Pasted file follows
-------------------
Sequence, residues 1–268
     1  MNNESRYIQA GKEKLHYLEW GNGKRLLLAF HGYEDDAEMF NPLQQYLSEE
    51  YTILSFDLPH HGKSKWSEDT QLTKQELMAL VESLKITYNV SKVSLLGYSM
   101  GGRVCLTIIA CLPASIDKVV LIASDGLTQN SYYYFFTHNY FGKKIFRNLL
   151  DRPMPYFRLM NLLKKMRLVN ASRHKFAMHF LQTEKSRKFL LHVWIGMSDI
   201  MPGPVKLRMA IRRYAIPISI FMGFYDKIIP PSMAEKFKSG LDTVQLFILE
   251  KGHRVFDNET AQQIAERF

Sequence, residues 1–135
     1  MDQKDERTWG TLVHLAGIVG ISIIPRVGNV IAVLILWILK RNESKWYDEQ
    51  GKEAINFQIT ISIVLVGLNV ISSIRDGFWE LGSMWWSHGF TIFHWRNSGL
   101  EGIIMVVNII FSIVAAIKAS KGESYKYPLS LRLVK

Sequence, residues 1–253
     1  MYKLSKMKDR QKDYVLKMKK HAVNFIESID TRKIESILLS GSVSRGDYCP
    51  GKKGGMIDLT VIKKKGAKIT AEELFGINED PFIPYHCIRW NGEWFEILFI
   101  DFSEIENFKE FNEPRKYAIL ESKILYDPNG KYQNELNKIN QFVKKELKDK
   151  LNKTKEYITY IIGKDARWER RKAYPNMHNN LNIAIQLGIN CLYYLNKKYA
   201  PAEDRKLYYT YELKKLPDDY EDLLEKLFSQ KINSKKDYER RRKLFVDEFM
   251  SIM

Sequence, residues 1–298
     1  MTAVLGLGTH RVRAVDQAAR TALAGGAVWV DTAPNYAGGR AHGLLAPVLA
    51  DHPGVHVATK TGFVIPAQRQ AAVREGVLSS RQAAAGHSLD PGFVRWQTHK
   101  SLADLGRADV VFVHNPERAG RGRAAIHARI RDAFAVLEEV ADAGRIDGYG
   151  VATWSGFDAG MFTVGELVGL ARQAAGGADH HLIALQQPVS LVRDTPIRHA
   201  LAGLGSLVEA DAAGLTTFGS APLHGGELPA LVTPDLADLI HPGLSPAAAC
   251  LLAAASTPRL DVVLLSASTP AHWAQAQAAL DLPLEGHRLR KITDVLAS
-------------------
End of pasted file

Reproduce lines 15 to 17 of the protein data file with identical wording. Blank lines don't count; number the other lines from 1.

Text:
   101  DFSEIENFKE FNEPRKYAIL ESKILYDPNG KYQNELNKIN QFVKKELKDK
   151  LNKTKEYITY IIGKDARWER RKAYPNMHNN LNIAIQLGIN CLYYLNKKYA
   201  PAEDRKLYYT YELKKLPDDY EDLLEKLFSQ KINSKKDYER RRKLFVDEFM